The New Zealand band recorded their second album, 'Rolling Waves,' in LA, where they now live.
The Naked and Famous sounds like the title of an Oliver Stone movie or a Terry Richardson coffee table book. But it's actually the name of a five-piece band out of Auckland, New Zealand. They made a splash in the States with their debut album, 'Passive Me, Aggressive You,' which spawned a number of catchy songs that made their way onto TV, such as 'Punching In A Dream' and 'The Sun.' And you may have heard 'No Way' in the Red Bull Media House movie 'The Art of FLIGHT.'
Armed with new songs from their very strong sophomore album, 'Rolling Waves,' The Naked and Famous, who have since moved to Los Angeles, recently played the Red Bull Sound Space at KROQ -- their first show in more than a year and a half. Following the show, our writer Nicole Pajer caught up with the band's co-founders, Thom Powers and Alisa Xayalith, to talk about their move to LA, their older songs and what being naked and famous really means.
Has living in LA influenced your sound at all?
Thom: I was making a bad joke before and saying that there aren’t any shredding guitar solos on the record, so I think your environment tends to have a lot to do with what’s happening in life, but I think with music, it’s not very literal and it’s not very obvious. It shouldn’t be, really, because otherwise people seem a little bit gullible and a little bit stupid. They are living in a certain place and it sounds like where they are living. Because you don’t really know where music comes from. You just want to do it and it comes out, and it takes on a life of it’s own.
I hope that we don’t really sound like where we live. I think it shows that you’re doing it because you have this desire to be creative and not really to be part of the scene or be so impressionable. I don’t feel like we’re impressionable people.
How have you evolved since first starting out?
Alisa: Quite a lot. Thom and I were in our early 20s when we wrote all those songs. I can firmly say that the girl that was writing those songs in New Zealand has grown up and is very different now. So in that respect, I’ve grown from that journey, and the experience we had when touring and just feeling nourished from traveling and meeting people. That’s changed how I do things now and what I want to write about.
As you grow in popularity, is there an added sense of pressure to outdo yourselves with each record?
Thom: It’s kind of complicated. The pressure that you feel – that can change too. I think your priorities become different with age. I think the idea to outdo ourselves is more to take what we’ve done and learn from it and try and move forward.
"Outdo" sounds like an abandoning kind of thing. We’ve never been big on abandoning what we’ve done or created. It’s kind of nice to look back on it and reflect and think, “Wow. That’s what I was doing back then. That’s what I thought was a good idea.” Even if you don’t think it is a good idea now, you get more out of… it’s like that dumb saying: “Looking into the past, you can see the future.” I think you should be aware of where you come from. And also it’s really strange when musicians tend to go, “I’m so over that record that I did.”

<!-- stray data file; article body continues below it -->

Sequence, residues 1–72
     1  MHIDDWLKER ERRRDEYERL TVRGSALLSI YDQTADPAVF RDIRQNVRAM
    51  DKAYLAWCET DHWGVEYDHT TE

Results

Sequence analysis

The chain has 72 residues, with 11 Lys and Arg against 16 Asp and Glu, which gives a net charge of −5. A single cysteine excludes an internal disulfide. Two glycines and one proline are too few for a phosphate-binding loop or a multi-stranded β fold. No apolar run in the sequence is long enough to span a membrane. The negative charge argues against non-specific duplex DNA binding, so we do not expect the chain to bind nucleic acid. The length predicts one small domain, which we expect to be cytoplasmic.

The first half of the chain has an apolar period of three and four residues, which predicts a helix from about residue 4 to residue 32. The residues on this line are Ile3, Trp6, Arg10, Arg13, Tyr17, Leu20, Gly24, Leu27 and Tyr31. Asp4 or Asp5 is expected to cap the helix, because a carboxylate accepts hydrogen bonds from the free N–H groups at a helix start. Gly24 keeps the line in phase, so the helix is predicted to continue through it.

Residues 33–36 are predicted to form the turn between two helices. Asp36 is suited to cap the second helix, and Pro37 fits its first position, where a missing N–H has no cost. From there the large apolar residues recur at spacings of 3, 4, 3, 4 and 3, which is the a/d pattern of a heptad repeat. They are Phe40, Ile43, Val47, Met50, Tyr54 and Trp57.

It’s just the epitome of that sort of shallow and meaningless idea of being something or being somebody. Of course it seems sort of ironic having a name like that and living in Los Angeles.
I hear that a lot.
Thom: It’s like, what do your fans think when you say something like that? You just hate your own music? How are they supposed to feel about it? I am really proud of everything that I’ve done. I may have moved on from it but I wouldn’t talk about it poorly. It’s like, “Go back to flipping burgers man. If you don’t like being an artist.”
Where did the band name come from? Is there a certain element of “sex sells?” Did throwing “naked” in there help you catch some attention?
Thom: The title has to do with that kind of thinking, but it’s stolen from a Tricky song. He sings, “Everyone wants to be just like me. I’m naked and famous. ”It’s kind of dealing with the ideas of back in the '90s I guess of being a vulnerable popular musician and all the crap that, that brings along with it. And I like that. I think it’s just the epitome of that sort of shallow and meaningless idea of being something or being somebody. Of course it seems sort of ironic having a name like that and living in Los Angeles, where, you know, this is the epitome of that kind of culture.
That means something totally different out here.
Thom: Totally! But it’s still ironic to us because that’s not what we’re about.